The US is still in the grip of a dangerous rise in inflation as figures show that prices have risen by 7.5% from 2021. This marks the highest levels of inflation in the US for 40 years and it is sure to usher in a series of interest rate hikes in a bid to contain the overheating economy.
Stock markets were shaken following the inflation report. The faster-than-expected rise in inflation sent the Dow Jones Industrial Average plunging 500 points, while the NASDAQ fell 2.1% and the S&P 500 slipped 1.8%.
The consumer price index report indicated that it was the largest gain in inflation since 1982, and it was enough to cause yields to spike 2%. While the consumer price index survey showed a dramatic rise of 0.6%, it was still less than the 0.9% experienced last October. This has led to hopes that the inflationary rises are actually decreasing on a month-by-month basis.
The areas suffering most from inflation were electricity, groceries and shelter. Even the price of used cars in the US has shot up 40.5% higher compared to this time last year.
What is the cause of the skyrocketing inflation?
The base cause of the inflation rates is the fact that there continue to be supply issues caused by the pandemic’s impact. With soaring demand as the economy gets back to normal, it has caused the cost of a wide variety of goods to dramatically rise.
This has meant that the Federal Reserve has little option but to raise interest rates. The first interest rise could be due to hit in March, and there have been indications that there could be many more interest rate hikes in 2022.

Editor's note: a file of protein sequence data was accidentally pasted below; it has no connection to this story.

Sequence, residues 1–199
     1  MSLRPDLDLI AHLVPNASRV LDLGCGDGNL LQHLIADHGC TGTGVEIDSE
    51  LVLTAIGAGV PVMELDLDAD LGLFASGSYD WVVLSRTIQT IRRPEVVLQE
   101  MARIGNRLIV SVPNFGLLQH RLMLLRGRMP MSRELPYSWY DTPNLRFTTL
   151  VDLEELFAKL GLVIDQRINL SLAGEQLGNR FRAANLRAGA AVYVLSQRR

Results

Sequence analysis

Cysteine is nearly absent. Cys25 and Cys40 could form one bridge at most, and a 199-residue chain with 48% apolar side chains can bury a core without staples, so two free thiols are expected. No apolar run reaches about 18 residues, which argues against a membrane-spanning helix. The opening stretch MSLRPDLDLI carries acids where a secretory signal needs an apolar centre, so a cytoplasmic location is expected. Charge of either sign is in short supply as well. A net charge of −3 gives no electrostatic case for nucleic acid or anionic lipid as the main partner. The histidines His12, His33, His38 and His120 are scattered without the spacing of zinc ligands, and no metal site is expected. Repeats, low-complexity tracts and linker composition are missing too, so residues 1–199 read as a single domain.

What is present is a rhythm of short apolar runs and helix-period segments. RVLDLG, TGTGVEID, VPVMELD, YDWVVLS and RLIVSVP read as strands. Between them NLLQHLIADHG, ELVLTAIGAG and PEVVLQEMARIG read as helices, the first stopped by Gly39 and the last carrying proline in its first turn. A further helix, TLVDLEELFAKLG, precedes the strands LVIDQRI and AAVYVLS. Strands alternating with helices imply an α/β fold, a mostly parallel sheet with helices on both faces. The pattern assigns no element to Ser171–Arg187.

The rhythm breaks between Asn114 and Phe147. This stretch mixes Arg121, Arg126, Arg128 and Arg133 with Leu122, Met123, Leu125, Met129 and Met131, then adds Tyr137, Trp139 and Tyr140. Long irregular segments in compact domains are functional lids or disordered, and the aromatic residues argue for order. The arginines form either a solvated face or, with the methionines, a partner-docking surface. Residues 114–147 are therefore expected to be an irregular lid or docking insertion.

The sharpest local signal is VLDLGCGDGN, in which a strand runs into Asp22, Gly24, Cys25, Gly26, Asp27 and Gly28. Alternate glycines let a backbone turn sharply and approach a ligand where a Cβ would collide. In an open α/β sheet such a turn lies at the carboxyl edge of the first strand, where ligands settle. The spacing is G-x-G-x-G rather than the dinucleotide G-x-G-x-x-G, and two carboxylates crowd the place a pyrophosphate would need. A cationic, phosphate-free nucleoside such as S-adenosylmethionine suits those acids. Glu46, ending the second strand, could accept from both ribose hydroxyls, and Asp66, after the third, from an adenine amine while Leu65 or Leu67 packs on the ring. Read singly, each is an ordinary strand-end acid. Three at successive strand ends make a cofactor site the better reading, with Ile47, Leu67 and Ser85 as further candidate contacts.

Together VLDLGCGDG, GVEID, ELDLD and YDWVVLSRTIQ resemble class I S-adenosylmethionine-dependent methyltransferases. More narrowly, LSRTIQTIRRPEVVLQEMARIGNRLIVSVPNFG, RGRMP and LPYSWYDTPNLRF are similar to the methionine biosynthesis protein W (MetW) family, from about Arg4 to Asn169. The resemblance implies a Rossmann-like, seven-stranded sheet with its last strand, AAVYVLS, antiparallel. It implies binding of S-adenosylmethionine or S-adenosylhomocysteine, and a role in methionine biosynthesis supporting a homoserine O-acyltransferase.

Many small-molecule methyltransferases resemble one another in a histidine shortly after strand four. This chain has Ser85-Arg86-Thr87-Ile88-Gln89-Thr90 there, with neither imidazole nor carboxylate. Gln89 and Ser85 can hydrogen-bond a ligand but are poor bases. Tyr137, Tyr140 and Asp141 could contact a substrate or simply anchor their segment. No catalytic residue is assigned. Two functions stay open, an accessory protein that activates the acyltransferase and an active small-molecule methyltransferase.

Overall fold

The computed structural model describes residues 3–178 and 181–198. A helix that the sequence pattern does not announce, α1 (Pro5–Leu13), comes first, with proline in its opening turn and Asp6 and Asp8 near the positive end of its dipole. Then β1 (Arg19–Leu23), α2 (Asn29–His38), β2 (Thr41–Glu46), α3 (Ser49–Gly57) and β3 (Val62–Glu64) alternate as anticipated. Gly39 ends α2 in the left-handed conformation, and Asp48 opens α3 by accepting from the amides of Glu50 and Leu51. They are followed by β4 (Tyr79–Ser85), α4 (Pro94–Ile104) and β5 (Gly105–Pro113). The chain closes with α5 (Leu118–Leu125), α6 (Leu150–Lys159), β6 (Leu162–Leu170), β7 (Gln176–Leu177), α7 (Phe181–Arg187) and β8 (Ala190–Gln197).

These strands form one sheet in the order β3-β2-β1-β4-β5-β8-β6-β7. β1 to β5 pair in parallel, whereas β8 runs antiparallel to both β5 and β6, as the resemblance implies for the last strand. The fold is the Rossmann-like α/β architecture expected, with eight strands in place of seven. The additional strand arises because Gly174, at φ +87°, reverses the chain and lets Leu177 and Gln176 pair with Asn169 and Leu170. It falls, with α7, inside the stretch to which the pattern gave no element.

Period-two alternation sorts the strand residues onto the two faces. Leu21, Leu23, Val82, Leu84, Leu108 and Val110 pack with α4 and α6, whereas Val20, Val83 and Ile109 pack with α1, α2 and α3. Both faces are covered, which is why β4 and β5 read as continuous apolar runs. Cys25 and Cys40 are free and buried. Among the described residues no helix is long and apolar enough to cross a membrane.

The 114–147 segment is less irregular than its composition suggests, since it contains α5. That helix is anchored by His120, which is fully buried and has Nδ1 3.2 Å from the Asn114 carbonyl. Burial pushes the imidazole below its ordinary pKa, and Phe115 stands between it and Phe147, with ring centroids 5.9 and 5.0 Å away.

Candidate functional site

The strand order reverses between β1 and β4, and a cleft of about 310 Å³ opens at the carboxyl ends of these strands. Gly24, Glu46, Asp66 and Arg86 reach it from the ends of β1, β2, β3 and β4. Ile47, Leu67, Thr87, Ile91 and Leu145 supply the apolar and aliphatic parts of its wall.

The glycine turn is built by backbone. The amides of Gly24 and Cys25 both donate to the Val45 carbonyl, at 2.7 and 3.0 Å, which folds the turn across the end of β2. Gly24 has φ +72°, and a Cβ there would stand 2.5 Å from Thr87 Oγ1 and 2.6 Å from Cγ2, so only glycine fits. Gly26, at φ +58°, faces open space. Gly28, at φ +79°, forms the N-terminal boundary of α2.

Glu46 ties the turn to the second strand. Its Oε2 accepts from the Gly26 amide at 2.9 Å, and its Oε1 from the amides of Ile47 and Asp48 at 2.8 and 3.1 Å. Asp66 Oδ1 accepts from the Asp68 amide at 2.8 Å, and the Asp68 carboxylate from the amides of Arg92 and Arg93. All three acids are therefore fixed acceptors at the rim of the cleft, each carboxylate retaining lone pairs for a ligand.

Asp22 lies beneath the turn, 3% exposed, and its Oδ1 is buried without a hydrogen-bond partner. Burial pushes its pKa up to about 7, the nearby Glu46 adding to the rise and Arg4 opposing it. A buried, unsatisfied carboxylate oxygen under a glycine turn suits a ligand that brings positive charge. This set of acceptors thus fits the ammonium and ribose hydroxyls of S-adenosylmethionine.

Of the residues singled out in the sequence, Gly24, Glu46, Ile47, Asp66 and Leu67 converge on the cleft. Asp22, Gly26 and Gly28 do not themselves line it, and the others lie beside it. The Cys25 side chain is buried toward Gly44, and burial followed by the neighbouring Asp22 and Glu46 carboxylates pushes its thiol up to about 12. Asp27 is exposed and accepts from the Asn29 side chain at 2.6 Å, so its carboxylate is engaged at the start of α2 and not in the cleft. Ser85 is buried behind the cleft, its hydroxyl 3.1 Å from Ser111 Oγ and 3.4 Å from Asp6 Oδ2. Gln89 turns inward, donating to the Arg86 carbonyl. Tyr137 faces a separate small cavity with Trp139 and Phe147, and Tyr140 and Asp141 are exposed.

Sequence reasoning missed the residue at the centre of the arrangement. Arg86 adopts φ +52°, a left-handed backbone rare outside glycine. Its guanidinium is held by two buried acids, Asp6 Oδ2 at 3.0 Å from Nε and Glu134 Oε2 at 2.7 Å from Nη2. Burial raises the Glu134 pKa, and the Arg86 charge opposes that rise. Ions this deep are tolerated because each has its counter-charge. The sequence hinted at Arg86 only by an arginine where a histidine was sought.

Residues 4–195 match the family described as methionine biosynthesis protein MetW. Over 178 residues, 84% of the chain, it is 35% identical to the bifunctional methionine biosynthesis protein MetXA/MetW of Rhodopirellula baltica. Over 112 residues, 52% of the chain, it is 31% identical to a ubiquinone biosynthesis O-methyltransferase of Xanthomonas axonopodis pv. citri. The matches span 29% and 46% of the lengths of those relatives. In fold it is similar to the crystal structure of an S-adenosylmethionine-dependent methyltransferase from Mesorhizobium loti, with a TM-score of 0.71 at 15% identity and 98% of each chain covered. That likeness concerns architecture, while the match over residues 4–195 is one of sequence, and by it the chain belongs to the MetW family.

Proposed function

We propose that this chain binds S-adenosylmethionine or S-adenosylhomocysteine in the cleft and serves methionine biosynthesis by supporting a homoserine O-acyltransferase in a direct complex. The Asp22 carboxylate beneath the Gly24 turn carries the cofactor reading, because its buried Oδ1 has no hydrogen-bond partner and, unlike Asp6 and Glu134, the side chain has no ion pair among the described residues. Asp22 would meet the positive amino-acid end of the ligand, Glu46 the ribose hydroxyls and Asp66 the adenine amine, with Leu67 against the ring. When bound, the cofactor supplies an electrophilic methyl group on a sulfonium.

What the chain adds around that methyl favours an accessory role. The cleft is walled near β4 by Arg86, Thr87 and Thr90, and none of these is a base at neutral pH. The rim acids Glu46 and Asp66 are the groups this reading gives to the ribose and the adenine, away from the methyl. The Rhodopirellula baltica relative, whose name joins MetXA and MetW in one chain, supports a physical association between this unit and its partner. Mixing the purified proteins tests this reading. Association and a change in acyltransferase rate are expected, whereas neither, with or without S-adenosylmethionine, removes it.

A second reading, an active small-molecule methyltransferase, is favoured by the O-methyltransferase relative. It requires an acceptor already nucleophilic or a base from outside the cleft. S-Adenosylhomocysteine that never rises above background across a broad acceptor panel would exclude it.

The specter of inflation is troubling for a US economy that is finally starting to get back on its feet after the ravages of the pandemic. With the economy growing by 5.5% in 2021 and encouraging figures in the job market, it looks like the US might be over the worst. But with consumers feeling the pinch of rising costs in everything from food, fuel and rent, it could still be a difficult few months ahead.
What this means for the markets
It has already been a tricky year for the markets, and the latest inflation figures don’t make for good reading. This is because they are almost certainly going to trigger the rise in interest rates that would make future earnings less attractive. It’s yet to be seen how many interest rate hikes there will be but there could be as many as seven interest rate rises in 2022.
As such, it will be tech stocks that will be hardest hit by a rise in interest rates. This was something seen yesterday when tech companies ranging from Microsoft to Shopify and Adobe all saw their share values slide. All of which means it could be a tricky year for those ‘big tech’ brands.